President J. M. Grant said, September 21, 1856, (see Deseret News, vol. 6, page 235:)

    "I say there are men and women here that I would advise to go to the president immediately, and ask him to appoint a committee to attend to their case; and then let a place be selected, and let that committee shed their blood."

    Brigham Young said, March 2, 1856, (see Journal of Discourses, vol. 3, p. 226:)

    "The time is coming when justice will be laid to the line, and righteousness to the plummet; when we shall take the old broadsword, and ask, 'are you for God? and if you are not heartily on the Lord's side, you will be hewn down."

    Question. Do you know of the existence of a secret band of murderers, subject to the orders and control of the Mormon leaders, called the Danites or avenging angels?

    Answer. I have no doubt there is such a band. I believe it from current report among themselves, from my knowledge derived from Mormons of the murders committed in pursuance of the orders of the Mormon leaders.

    Question. Can you give the committee any facts in relation to the Mountain Meadows massacre?

    Answer. Of the Mountain Meadow massacre I know nothing of my own knowledge. General report among the Mormons themselves ascribe the massacre to the Mormons by the orders of the Mormon leaders.

    Question. In what way have the Mormons assumed to dispose of the public lands of the United States in the Territory of Utah, so as to exclude from their occupation all who are not Mormons?

    Answer. They have granted large tracts of land to the leaders, to the exclusion of actual settlers, and the poor of their own people. Very nearly all the good timber and grazing lands in the Territory are thus granted, and the federal government and people are taxed by the holders of those grants for the occupation or use of the land and timber.

    Question. Have the Mormons of Utah opposed and sought to prevent the development of the mines of that Territory by those who were not Mormons?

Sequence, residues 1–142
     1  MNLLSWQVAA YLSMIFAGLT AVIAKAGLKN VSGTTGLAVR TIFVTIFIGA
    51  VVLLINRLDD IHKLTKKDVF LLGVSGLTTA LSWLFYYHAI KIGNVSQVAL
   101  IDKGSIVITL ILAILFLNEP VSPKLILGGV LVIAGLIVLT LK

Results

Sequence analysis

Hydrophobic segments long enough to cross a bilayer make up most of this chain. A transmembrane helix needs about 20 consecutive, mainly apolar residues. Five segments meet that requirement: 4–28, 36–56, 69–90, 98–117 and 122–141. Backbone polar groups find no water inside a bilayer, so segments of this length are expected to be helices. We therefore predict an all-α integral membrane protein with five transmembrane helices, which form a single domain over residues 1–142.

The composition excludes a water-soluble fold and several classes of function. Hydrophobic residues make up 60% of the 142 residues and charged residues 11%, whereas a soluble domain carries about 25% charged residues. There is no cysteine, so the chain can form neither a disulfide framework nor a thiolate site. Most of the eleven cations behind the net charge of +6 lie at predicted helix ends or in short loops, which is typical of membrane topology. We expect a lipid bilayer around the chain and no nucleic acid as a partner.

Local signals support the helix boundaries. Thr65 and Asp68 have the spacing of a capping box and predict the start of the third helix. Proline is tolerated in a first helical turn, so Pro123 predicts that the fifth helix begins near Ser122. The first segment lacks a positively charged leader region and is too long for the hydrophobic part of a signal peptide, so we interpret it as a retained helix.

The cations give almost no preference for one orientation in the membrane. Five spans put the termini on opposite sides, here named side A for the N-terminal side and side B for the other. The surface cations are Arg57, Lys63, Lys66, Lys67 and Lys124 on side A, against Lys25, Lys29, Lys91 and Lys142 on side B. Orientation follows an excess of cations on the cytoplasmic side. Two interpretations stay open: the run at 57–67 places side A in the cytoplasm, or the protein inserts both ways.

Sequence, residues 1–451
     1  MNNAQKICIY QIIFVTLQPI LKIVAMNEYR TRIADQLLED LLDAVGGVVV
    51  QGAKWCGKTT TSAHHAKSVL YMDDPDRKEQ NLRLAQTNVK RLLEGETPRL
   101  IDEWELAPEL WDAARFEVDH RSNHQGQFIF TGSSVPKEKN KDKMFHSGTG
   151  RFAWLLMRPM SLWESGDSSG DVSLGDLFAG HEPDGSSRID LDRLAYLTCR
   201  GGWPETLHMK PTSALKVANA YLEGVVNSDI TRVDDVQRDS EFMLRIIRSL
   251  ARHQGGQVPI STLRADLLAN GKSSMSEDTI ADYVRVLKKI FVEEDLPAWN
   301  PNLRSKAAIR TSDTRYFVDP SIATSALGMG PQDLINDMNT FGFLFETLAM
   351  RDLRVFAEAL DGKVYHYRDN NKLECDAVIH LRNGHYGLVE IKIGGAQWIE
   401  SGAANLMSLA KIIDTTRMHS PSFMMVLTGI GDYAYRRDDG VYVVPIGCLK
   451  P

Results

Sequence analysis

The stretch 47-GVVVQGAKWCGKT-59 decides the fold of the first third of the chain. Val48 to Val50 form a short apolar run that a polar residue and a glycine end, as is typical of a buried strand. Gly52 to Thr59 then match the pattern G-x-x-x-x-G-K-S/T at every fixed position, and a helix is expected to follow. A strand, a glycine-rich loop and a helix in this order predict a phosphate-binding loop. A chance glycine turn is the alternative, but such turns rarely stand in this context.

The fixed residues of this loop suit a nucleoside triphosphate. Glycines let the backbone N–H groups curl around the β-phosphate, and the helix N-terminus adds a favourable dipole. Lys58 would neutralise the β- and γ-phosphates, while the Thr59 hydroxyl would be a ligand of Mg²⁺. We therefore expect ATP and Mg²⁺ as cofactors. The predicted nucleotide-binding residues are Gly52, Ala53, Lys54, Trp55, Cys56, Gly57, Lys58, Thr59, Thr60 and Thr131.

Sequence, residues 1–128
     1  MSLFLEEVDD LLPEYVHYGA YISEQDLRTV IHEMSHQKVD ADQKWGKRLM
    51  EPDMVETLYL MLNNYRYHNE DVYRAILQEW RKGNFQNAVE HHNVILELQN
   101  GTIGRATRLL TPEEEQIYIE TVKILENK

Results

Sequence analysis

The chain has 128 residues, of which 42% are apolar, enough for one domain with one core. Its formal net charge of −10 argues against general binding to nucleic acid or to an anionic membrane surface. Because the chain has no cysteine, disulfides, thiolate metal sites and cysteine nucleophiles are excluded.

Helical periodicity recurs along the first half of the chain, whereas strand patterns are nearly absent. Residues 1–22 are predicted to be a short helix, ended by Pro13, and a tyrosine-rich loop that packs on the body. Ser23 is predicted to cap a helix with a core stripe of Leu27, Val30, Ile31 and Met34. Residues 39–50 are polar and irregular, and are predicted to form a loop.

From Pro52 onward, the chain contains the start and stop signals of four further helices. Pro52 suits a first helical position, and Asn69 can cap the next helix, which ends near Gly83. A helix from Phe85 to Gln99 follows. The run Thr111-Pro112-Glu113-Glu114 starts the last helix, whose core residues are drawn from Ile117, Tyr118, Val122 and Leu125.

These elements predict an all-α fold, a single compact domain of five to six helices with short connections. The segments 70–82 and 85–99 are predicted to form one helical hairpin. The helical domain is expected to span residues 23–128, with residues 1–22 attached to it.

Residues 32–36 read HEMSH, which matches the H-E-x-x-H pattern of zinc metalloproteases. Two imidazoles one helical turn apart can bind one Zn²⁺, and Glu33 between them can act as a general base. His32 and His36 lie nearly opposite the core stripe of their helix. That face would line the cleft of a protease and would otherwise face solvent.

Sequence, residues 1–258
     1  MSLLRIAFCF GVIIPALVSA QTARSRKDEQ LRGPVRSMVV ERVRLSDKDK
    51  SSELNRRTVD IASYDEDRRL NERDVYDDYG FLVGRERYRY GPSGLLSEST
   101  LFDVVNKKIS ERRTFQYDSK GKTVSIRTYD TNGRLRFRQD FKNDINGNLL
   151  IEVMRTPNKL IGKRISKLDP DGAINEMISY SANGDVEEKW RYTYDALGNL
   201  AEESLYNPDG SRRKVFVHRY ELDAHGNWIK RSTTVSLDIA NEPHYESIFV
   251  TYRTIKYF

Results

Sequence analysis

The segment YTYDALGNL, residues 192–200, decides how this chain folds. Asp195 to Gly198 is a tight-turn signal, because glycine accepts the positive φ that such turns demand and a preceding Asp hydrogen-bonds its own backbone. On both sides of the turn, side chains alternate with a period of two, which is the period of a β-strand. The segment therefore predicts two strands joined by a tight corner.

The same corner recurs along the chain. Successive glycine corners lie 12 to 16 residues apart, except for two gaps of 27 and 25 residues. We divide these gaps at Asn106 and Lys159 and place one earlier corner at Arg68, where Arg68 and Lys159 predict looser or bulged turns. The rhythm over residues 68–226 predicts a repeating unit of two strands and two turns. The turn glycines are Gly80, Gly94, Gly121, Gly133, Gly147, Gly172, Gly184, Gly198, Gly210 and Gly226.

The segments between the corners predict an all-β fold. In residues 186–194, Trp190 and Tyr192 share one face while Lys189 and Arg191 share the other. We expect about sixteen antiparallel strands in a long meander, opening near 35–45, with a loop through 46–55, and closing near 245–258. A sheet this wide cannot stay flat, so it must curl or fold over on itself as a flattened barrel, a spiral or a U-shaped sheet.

Answer. They have opposed the exploration and development of the gold and silver mines to such an extent that I was compelled to issue a circular warning them against using violence against citizens in the legitimate pursuit of their vocations, and in many instances furnished escorts of my troops to prospectors and miners to protect them from violence. Miners and mining are denounced by the Mormon leaders.

    Question. Have you any suggestions to make as to the best mode of prohibiting the evils of which you speak?

    Answer. I would recommend the passage of a law forever disfranchising and making ineligible to office all Mormons who, since the passage of the act of 1862, have entered into polygamy. The election laws should be repealed or amended, so as to admit of the right of suffrage to American citizens after a residence of thirty days. As the law now stands, aided by Mormon trickery, the so-called "Gentiles" are virtually disfranchised. There are many good people in the Mormon church of Utah, who are eagerly looking for some action on the part of Congress and the government to relieve them from the tyranny and oppressions of their leaders. The so-called ''Gentile" element in Utah pray for equal


    14                              THE  CONDITION  OF  UTAH.                             

    rights in the land of their fathers, and of which they are deprived by Mormon legislation, Mormon judges, perjury, and chicanery. I understand the ballot in Utah is numbered, and the number set opposite, the name of the voter on the poll-list. This law should be repealed, also all laws of the territorial legislature granting special franchises to the leaders, to the exclusion of the poor of the Mormon people, and the incoming Gentile immigration. Two thousand troops should be stationed in Utah, and assurance of protection given to the people who desire to sever their connexion with the Mormon church in Utah. If this is done, and the legislation recommended is had, the problem will soon solve itself, and without conflict. The military strength of the Mormons is much overrated. Five thousand of our men, properly commanded, can sweep the Territory like a besom.

    Question. Do the dissenting Mormons and citizens of the United States, known as "Gentiles," desire other and additional protection from the government of the United States, in order to secure them in their persons and property; if so, what change in the civil government of the Territory do they ask?

    Answer. The dissenting Mormons and Gentiles of Utah deem the presence of at least two thousand troops necessary for their protection. They have no fixed plan as to the best means to be pursued in reference to the government of the Territory. They rely upon the wisdom of Congress for action, after having the facts in regard to the condition of the Territory before them. In my opinion, a repeal of the organic act, and the passage of a law making the governor and united judges the appointing and law-making power, would meet the emergency.
    P. EDWARD CONNOR.      
    Sworn to and subscribed this 14th day of June, 1866.

    Interrogatories propounded to Norman McLeod by Mr. Rice: